1. On the other side, there must be a listener registered for a specific Path
  1. When the request arrives, it is processed, and the smartphone app must then publish its response on another Path.
  1. On the watch side, we must listen for data on another Path and catch the “response” published by the mobile application.

How to ensure that published messages are delivered to the other device

There is a hidden feature/bug in WearableClass when publishing data. It publishes only data, which has changed since the previous publication. If the data is the same, the WearableClass layer skips the data publication without any warning or response.

So, the best practice to ensure our logic in mobile – watch communication forks fine is to include a timestamp in each data when publishing. In previous example it should looks like:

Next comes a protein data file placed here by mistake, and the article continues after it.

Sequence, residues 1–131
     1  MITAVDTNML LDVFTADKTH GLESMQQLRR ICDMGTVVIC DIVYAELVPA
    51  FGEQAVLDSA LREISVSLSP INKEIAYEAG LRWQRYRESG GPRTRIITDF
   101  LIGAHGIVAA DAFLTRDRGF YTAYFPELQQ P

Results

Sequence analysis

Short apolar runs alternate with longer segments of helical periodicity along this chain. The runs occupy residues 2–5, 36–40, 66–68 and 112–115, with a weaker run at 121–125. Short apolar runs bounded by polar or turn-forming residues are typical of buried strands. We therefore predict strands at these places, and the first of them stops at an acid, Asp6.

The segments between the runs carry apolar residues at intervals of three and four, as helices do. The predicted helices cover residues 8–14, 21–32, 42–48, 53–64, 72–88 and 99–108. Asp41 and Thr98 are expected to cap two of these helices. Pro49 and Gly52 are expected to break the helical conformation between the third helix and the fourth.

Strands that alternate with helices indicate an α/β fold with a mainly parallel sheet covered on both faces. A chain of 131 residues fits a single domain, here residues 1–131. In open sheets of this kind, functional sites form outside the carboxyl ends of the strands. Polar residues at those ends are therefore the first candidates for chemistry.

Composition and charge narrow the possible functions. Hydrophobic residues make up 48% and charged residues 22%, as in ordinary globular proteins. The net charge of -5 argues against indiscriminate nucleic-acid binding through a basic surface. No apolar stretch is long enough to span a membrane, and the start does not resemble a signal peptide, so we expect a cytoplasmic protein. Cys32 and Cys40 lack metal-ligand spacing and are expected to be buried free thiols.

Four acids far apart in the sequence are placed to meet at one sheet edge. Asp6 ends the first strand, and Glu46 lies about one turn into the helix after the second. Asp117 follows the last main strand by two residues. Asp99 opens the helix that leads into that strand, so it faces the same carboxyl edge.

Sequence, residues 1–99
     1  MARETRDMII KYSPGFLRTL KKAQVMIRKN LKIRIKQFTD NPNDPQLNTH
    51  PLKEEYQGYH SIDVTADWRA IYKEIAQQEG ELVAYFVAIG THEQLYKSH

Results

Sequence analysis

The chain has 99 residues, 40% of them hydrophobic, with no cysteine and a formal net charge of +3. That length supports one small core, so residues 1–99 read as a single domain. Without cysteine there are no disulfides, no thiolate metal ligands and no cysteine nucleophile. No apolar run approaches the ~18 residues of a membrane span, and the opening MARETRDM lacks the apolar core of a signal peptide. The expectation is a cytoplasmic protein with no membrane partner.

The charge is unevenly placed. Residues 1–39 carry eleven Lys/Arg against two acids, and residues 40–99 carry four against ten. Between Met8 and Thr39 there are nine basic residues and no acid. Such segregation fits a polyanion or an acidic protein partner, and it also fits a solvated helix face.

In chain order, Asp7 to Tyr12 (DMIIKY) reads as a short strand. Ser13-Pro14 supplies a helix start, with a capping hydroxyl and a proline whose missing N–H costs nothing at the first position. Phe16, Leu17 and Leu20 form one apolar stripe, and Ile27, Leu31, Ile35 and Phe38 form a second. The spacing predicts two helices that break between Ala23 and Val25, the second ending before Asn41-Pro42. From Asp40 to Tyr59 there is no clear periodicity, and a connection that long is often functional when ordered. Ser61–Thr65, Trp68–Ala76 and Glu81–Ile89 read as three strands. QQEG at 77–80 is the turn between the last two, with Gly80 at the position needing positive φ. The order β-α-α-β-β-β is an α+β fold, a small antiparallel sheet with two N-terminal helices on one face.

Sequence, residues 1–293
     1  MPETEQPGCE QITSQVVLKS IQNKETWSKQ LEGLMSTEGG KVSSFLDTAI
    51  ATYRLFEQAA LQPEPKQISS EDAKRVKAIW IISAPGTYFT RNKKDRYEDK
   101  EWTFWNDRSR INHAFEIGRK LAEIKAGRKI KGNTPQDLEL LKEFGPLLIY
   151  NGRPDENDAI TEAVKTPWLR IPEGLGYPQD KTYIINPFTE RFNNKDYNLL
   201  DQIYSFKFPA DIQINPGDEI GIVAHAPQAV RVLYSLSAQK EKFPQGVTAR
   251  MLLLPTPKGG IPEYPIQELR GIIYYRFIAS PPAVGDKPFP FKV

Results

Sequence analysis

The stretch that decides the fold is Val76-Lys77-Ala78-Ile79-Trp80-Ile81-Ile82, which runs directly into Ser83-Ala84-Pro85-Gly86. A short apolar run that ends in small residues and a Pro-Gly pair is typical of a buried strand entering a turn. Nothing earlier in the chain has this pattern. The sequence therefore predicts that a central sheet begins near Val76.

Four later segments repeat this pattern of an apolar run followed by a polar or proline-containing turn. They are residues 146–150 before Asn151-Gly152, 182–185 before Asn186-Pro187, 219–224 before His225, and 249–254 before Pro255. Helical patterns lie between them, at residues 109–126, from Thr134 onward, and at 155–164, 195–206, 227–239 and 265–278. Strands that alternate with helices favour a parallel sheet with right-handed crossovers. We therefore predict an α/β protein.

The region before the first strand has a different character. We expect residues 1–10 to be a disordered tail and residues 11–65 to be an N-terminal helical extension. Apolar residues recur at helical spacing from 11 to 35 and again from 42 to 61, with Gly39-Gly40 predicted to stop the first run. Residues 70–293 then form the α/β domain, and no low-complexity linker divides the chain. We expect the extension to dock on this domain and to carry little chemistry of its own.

dataMap.DataMap.PutString(“TimeStamp”, DateTime.UtcNow.Ticks.ToString());
dataMap.DataMap.PutString(“MessageKey”, “Message Value”);

Step 4 - How to start the Watch app when the Android app starts

A common task which improves the UX of our Wear OS app significantly is starting the watch app when the user opens the mobile app. This is not automatically done by WearableClass API. We must take care of it ourselves.

On the main activity of our Android project of MAUI application, we must override the OnResume method and publish a message to all connected nodes (= devices):

protected override void OnResume() {

var nodes = await WearableClass.GetNodeClient(this).GetConnectedNodesAsync();

foreach (var node in nodes)
await WearableClass.GetMessageClient(this).SendMessage(node.Id, “/app_starts, null);

And in our Wear OS application, we create a StartupListenerService:

[Service(Exported = true, Name= "bundleid.StartupListenerService")]